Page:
by Emily Critchley
My situation as both a writer and a feminist involves my trying to think carefully about how interior/private and exterior/public ‘realms’ constantly mutually inform one another.
Though I am sceptical about the explicit social/political power of poetry, I believe the thinking done by and through it, and other art forms, may have implicit and incremental social effects; as Leslie Scalapino put it: ‘poetry is society’s secret interior’.
I see my writing as constituted of and by third wave, especially Butlerian, feminist thinking, not simply because this is the feminist landscape to which I belong generationally, but because of third wave’s focus on cultural performativity, and its refusal of a homogenous feminist project per se.
My engagement with écriture féminine, by contrast, is always at least partly sceptical. By embracing, rather than seeking to cancel the ‘doubts, complications and distractions (Rosmarie Waldrop) that are crucial to poetry, that surround us in living, that keep is eternally vigilant in criticism, third-wave feminism allow for the discursive and radically shifting natures of gender, race, sexuality, class and other social categories thought formerly to be essential and fixed.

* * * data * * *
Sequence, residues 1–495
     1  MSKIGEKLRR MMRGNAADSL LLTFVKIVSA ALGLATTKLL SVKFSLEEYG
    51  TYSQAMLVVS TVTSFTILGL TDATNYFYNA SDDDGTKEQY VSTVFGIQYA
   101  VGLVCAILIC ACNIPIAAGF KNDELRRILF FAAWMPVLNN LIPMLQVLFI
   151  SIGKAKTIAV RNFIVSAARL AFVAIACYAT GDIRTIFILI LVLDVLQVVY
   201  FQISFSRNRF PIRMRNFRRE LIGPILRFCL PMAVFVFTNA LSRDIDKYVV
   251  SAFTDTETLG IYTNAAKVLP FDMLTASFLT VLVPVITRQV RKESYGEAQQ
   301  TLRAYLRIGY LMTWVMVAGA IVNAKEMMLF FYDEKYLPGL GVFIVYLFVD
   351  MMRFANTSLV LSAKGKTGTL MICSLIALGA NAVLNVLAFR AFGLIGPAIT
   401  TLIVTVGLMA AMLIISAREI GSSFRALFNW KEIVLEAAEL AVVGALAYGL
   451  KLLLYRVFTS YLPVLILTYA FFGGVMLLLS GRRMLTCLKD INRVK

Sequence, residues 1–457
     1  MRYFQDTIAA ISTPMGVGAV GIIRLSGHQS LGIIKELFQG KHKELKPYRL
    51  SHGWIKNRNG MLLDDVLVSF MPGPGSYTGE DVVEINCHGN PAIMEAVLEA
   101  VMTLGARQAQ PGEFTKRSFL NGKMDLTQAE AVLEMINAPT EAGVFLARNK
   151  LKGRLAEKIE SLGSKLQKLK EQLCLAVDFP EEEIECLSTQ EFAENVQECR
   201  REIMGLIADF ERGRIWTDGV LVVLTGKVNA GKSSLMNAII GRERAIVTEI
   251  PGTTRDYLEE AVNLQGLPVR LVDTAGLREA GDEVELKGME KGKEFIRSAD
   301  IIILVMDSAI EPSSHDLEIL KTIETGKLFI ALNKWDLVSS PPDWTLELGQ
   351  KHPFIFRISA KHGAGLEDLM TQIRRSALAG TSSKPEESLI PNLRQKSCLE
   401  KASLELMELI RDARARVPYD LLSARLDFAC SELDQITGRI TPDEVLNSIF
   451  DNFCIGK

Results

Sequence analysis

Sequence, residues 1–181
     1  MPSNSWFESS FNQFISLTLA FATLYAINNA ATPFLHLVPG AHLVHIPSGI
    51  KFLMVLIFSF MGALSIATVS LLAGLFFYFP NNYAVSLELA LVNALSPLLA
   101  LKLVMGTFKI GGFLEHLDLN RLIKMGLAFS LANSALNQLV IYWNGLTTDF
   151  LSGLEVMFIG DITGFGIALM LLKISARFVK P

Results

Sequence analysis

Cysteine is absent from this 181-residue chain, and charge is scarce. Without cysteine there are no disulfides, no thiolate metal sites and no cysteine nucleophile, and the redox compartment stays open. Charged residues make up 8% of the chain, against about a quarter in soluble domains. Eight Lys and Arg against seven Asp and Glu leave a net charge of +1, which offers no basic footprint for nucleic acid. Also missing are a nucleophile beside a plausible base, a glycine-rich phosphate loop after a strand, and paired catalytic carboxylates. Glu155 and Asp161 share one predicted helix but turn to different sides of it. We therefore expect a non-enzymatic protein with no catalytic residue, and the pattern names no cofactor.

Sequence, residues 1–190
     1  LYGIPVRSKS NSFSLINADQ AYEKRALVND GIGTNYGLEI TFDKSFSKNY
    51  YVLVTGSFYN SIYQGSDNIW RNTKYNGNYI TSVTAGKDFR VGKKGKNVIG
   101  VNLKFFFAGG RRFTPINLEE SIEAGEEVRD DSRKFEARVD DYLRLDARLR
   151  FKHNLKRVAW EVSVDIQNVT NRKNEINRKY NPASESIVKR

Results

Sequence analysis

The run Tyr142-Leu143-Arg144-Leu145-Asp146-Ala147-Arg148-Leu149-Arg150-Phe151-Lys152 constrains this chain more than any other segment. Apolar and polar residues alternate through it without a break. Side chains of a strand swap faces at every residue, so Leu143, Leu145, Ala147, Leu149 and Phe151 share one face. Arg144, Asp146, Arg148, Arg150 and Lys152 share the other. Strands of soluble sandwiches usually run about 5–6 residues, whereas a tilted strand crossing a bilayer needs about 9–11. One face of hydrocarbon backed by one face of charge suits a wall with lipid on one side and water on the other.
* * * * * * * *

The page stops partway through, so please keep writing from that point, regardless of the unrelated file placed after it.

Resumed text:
This poetry objects to already-gendered subject positions as the poet finds them and everywhere tries to upset such narrowness. It combines the ‘feminine’ and ‘vulnerable’ with the aggressive, the combative, and this is not all in defence, but sometimes explicitly offence—a deliberate querying of why female personae (or a female writer) should not display bad, even alienating behaviour (a kind of Riot Grrrl poetics).
Its only ‘aim’, if you can call it this, rather than to assert equality but separateness between genders, is to depict how shifting, uncertain and merged gendered positions are, whilst critique those who seek to shore up their position by behaving in stereotypically gendered ways.
Emily Critchley is author of Love / All That / & OK (Penned in the Margins, 2011), and editor of out of everywhere 2: linguistically innovative poetry by women in north america & the uk (Reality Street, 2015). She will be reading in Norwich on Thursday 22 October at 7.30pm. Venue: Take 5, 17 Tombland, Norwich NR3 1HF; entrance free.